Dr. Jeff Kane: ‘Cure sometimes, relieve often, comfort always’
As a patient, here’s what I might tell my doctor: “Your long, intense schooling demonstrates not only mastery of a huge body of information, but your commitment to humanity. You’ve seen the mysteries of birth and death up close. We trust you to see us naked and raw, and to probe us with intimate questions, instruments, and even your fingers. Your white coat and stethoscope add six inches to your height, and your every word bears weight. If science were a religion, you’re the priest we’d most often see.”
That is, docs are placebos, whether they know it or not. And that’s terrific, but they’re not priests. Consider how much more potent their ministrations would be if they were taught priestly skills along with traditional medicine. By “priestly” I don’t mean religious rituals, but the compassion required for genuine care. As things are now, medical training remains imbalanced, focusing almost exclusively on physical processes while virtually ignoring patients’ beliefs, emotions, attitudes, experiences, and relationships. Of course, some docs are marvelous exceptions. Their manner developed, though, from their personal evolution and actually despite their professional training.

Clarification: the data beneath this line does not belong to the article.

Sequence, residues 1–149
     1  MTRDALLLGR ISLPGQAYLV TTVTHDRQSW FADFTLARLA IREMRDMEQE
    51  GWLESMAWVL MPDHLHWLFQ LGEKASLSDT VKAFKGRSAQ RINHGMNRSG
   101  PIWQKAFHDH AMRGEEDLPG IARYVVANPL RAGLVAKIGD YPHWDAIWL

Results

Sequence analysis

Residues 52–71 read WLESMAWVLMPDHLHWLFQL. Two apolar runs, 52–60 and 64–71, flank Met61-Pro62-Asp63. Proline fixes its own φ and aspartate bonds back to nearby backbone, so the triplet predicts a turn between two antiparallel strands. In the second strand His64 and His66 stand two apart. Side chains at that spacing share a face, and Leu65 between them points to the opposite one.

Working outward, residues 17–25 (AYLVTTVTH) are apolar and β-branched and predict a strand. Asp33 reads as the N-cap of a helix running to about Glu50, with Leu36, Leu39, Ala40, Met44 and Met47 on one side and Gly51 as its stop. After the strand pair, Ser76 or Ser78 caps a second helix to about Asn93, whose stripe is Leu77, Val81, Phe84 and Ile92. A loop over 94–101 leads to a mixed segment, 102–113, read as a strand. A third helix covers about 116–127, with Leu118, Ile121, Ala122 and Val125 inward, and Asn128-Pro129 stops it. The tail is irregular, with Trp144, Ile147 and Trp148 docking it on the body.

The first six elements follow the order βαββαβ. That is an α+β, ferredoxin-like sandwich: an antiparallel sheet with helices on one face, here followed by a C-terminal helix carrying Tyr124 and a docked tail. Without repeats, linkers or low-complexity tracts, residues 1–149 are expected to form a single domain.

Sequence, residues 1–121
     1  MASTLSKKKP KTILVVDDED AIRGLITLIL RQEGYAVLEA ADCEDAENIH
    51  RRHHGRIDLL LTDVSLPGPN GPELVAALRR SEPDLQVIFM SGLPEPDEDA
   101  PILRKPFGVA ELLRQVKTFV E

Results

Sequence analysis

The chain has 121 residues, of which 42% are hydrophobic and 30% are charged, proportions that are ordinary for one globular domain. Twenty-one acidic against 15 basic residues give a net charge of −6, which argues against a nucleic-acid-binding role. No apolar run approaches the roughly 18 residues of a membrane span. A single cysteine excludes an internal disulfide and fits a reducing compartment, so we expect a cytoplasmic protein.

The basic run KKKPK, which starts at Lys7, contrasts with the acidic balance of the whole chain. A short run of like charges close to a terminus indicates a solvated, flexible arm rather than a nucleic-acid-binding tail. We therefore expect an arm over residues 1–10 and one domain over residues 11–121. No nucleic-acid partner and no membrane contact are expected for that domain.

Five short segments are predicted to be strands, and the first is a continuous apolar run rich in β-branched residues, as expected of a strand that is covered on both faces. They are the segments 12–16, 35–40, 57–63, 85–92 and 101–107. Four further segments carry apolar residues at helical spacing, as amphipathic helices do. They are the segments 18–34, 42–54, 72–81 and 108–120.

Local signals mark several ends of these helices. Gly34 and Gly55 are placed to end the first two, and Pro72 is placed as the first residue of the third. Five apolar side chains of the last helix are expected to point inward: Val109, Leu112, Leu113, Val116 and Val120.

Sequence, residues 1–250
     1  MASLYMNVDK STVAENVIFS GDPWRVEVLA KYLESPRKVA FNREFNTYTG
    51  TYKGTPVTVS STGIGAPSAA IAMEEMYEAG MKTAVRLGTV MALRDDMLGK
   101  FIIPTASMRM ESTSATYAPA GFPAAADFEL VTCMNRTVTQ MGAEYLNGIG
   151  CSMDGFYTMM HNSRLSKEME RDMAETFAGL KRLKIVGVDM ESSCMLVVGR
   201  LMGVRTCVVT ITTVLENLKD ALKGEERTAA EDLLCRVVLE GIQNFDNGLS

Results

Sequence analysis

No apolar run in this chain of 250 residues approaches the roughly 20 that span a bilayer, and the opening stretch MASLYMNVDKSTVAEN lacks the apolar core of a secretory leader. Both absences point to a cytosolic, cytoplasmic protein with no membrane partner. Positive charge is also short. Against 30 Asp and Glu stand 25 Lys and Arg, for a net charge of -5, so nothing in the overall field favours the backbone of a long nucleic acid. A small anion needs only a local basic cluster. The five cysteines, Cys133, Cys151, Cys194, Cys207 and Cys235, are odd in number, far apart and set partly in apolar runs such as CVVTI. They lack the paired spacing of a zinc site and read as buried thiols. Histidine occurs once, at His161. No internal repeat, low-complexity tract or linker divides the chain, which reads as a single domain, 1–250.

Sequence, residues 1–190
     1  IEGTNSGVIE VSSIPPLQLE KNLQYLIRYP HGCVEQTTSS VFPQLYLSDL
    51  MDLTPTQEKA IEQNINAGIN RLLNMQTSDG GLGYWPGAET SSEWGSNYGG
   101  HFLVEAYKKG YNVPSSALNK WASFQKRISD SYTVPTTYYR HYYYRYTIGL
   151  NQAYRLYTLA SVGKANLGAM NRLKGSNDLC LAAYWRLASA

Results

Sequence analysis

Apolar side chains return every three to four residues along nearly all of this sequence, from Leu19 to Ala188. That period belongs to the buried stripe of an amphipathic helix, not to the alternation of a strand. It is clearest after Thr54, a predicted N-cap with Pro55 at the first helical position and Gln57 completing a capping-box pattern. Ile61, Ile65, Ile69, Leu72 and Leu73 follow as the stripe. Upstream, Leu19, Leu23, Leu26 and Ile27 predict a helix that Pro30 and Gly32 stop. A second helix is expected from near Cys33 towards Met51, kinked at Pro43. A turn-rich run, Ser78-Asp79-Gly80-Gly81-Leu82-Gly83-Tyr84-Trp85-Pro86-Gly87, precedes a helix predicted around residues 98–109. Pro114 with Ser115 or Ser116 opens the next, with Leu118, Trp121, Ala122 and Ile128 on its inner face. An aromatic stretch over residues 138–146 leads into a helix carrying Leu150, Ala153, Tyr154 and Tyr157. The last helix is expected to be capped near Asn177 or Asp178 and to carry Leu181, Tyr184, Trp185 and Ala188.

Once I’m aware of my patients as more than their bodies — as fleshy beings of meaning — how comfortable can I feel limiting my work to chemistry alone? If I were to widen my view and then address patients literally personally, what might that look like?
A century ago, when healthcare’s nemesis was incurable tuberculosis, Dr. Edward Livingston Trudeau established the first sanitarium, at Lake Saranac, New York. He reasoned that if he couldn’t cure TB, at least he could make patients’ remaining days more livable, with rest, fresh air, healthy diets, and respite from cities’ tenements. The two months my own aunt spent there afforded her sixty more years of a healthy life. Trudeau’s motto was “Cure sometimes, relieve often, comfort always.”
Comfort always. Trudeau was what my old psychologist friend, Larry LeShan, would call a “gardener.” Larry wrote a book called The Mechanic and the Gardener, in which he defined two styles that all docs deploy in varying degrees. The mechanic attempts to fix what’s broken. The gardener offers full attention, nurtures, and patiently facilitates natural healing. LeShan concludes, unsurprisingly, that both styles are necessary.
Let’s face it: today’s docs are more familiar with the tool shop than the garden. This must frustrate dedicated medical mechanics, since most visits are for chronic—that is, unfixable—illnesses. Maybe that’s why I’m noticing more new docs wandering into the garden. I imagine they’ve rediscovered that a medical career’s juice lies in deep human contact. Said Dr. William Osler (1849-1919), still regarded as the patriarch of North American medicine, “The good physician treats the disease; the great physician treats the patient who has the disease.”
Jeff Kane is a physician and writer in Nevada City.
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